In a filing with the US Supreme Court Wednesday, Microsoft continued its strike against the trial court judge who first ruled it an illegal monopoly last year.

The software company again asked the nation's highest court to review its landmark antitrust case, brought by the Department of Justice and 18 states.

The request was made on grounds that District Court Judge Thomas Penfield Jackson should have been disqualified from hearing the trial case due to comments he made to the press before issuing his ruling in June 2000. Microsoft first asked for its case to be reviewed by the Supreme Court on August 7.

Monopoly power Wednesday's filing asks the Supreme Court to immediately review a ruling by the US Court of Appeals for the District of Columbia, which upheld Jackson's ruling that Microsoft used its monopoly power in the desktop-operating-system market to squash competition in other markets.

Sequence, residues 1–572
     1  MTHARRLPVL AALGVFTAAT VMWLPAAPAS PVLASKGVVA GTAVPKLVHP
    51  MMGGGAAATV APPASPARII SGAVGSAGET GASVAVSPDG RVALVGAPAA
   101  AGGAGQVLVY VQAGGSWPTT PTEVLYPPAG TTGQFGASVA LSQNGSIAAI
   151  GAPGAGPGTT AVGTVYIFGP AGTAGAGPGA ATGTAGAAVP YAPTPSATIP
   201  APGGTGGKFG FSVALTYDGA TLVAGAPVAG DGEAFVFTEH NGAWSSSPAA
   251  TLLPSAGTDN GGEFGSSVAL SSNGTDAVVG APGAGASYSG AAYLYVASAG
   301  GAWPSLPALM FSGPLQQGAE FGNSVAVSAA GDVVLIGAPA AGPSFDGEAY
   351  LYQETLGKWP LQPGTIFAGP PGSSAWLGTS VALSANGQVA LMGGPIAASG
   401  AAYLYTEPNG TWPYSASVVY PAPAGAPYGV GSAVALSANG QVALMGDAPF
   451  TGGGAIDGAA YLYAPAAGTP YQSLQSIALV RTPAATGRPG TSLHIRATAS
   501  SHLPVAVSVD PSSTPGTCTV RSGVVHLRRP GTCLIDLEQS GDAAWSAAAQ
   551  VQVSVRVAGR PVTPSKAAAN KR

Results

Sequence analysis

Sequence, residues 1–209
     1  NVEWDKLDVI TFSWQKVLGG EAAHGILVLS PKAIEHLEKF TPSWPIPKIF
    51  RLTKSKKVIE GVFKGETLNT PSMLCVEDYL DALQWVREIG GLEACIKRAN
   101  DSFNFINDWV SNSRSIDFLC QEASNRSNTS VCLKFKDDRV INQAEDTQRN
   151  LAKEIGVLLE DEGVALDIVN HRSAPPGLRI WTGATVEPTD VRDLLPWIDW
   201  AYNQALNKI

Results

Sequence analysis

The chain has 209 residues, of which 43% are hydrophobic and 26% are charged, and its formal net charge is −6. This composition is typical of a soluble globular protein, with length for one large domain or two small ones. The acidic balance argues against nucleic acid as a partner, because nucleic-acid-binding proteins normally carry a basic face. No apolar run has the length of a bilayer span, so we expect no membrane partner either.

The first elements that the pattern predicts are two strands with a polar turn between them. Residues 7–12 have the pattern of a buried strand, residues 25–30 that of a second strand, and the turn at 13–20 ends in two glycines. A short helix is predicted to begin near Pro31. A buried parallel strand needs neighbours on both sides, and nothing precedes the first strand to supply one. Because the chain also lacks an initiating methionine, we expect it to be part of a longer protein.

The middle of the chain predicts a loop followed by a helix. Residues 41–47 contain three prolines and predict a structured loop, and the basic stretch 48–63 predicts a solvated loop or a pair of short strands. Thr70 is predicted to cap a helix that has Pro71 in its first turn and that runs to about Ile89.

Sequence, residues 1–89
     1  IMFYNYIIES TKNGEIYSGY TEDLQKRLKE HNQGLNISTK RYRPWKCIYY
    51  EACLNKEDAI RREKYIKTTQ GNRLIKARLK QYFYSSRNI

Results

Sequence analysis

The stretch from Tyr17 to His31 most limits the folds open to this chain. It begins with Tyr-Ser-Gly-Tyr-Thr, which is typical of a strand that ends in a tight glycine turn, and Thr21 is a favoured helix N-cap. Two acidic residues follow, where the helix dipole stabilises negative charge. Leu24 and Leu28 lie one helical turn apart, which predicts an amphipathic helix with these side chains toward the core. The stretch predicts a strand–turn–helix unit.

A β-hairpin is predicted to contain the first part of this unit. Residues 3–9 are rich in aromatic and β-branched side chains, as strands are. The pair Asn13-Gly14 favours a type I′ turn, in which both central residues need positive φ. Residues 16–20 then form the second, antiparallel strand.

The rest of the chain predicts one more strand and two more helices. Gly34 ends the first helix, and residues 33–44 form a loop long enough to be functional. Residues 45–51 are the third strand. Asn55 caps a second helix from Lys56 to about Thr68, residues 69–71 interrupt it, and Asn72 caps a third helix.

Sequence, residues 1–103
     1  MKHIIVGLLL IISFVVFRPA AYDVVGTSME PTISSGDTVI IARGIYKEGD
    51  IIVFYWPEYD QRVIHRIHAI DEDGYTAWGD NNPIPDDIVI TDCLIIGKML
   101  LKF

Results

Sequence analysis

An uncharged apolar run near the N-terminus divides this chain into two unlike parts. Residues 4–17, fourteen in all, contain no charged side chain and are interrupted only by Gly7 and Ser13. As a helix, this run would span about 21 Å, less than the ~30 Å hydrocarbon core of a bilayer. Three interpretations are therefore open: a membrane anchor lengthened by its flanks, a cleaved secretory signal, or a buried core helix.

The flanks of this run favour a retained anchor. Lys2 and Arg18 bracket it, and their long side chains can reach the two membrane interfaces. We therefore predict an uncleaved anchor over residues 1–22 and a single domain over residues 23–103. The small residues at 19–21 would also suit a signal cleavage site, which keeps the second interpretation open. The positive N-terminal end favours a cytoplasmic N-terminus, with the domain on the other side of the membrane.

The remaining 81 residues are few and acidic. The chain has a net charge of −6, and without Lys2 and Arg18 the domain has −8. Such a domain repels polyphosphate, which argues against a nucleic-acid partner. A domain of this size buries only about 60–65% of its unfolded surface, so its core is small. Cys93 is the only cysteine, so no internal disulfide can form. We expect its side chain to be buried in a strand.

Jackson was admonished by the Appeals Court in its July 28 ruling for comments he made to reporters from the New Yorker magazine and daily news publications. The panel of seven appellate judges said that Jackson violated the judicial code of conduct in his actions, because he appeared to show a bias. In that ruling, the Appeals Court overturned Jackson's remedy, which included splitting the company into two, and sent it back to a lower court under a new judge for a new remedy hearing.

Microsoft argues, however, that Jackson should have been disqualified at the time he violated the code of conduct, a move that would have vacated the district court's findings of fact and conclusions of law all together.